"Some of us have been warning that it was not healthy for the U.S. media to have deified rather than questioned Obama, especially given that they tore apart Bush, ridiculed Palin, and caricatured Hillary. And now we can see the results of their two years of advocacy rather than scrutiny.We are quite literally after two weeks teetering on an Obama implosion--and with no Dick Morris to bail him out--brought on by messianic delusions of grandeur, hubris, and a strange naivete that soaring rhetoric and a multiracial profile can add requisite cover to good old-fashioned Chicago politicking.First, there were the sermons on ethics, belied by the appointments of tax dodgers, crass lobbyists, and wheeler-dealers like Richardson--with the relish of the Blago tapes still to come. (And why does Richardson/Daschle go, but not Geithner?).
"Second, was the 'stimulus' (the euphemism for 'borrow/print money') that was simply a way to go into debt for a generation to shower Democratic constituencies with cash . . .
"Obama is becoming laughable and laying the groundwork for the greatest conservative populist reaction since the Reagan Revolution."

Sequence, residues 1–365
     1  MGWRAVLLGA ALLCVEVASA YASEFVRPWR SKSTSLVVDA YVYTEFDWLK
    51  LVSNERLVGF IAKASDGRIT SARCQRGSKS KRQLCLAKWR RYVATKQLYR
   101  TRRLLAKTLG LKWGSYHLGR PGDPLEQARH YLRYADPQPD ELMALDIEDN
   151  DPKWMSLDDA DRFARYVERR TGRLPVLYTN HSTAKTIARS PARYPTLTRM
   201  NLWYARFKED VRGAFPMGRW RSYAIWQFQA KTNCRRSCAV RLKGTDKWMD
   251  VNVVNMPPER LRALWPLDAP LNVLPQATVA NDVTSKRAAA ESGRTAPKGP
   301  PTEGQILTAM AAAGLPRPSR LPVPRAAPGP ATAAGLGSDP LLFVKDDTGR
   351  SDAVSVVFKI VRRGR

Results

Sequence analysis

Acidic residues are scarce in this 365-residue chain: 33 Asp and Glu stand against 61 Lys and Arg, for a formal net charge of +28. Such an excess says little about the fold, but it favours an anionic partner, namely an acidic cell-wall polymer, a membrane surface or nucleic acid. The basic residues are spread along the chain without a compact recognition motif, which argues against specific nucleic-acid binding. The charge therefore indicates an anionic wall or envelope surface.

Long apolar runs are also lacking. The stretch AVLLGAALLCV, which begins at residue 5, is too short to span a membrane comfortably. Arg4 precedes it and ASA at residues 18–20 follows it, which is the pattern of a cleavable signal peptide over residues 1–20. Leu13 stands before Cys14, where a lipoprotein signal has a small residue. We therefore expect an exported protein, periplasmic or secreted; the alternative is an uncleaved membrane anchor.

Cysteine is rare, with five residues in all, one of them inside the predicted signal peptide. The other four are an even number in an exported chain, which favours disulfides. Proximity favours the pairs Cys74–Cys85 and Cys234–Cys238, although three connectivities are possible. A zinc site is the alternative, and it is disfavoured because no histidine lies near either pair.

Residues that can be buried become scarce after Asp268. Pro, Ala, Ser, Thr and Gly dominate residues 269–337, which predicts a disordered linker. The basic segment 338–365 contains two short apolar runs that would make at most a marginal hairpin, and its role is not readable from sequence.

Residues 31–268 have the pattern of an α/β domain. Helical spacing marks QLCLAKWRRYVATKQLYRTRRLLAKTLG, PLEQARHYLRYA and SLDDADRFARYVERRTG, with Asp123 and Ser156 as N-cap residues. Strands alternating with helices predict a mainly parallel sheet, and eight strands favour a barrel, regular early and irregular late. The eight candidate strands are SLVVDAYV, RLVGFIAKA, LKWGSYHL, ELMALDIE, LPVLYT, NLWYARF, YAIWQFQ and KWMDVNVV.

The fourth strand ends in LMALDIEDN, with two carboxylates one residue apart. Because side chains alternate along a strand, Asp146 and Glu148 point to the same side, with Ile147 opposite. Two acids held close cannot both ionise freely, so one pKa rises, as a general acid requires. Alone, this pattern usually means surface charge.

Pretty amazing for 15 days' work.
Michelle Malkin is also offering a sweeping judgment:
"You never get a second chance to make a first post-inaugural impression. Less than three weeks into his first 100 days, Barack Obama has left an indelible mark on his nascent presidency: The mark of incompetence and hubris. Despite the administration's much-touted wealth of bright minds and high bars, the transition has been a complete disaster."
One reason Daschle withdrew, in my view, is that he wasn't exactly being championed by the left. (That NYT editorial didn't help either.) The Nation's John Nichols, for instance, isn't sorry to see him go:
"Republicans think they have dealt the new president a blow.
"In fact, by opposing Daschle so strenuously, and appropriately, Republicans and a handful of principled Democratic senators (who had quietly let the White House know they were not going to back the nomination) have done the new president and the nation a favor.
"The scandal over Daschle's lavish lifestyle and failure to pay taxes simply emphasized why the former Senate majority leader was exactly the wrong choice to serve in the administration of a Democratic president who aspires to make a break with the worst of the compromises that characterized his party during the Bush-Cheney era."
Should Obama have vetted himself? "Documents acquired by NewMajority indicate Barack Obama overstated his real estate tax deduction on his taxes in 2002 by $792," writes Moira Bagley on David Frum's new site. "Though he paid the correct amount in the previous and succeeding years, his overstatement on his federal tax forms in 2002 is an anomaly."